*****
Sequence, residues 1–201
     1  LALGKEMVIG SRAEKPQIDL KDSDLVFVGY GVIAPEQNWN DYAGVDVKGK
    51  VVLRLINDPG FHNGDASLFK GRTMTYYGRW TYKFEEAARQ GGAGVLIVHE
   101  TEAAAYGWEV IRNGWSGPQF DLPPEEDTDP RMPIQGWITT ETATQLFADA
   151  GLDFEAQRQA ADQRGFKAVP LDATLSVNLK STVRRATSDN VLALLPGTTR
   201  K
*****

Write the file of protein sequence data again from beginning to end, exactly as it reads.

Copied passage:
Sequence, residues 1–201
     1  LALGKEMVIG SRAEKPQIDL KDSDLVFVGY GVIAPEQNWN DYAGVDVKGK
    51  VVLRLINDPG FHNGDASLFK GRTMTYYGRW TYKFEEAARQ GGAGVLIVHE
   101  TEAAAYGWEV IRNGWSGPQF DLPPEEDTDP RMPIQGWITT ETATQLFADA
   151  GLDFEAQRQA ADQRGFKAVP LDATLSVNLK STVRRATSDN VLALLPGTTR
   201  K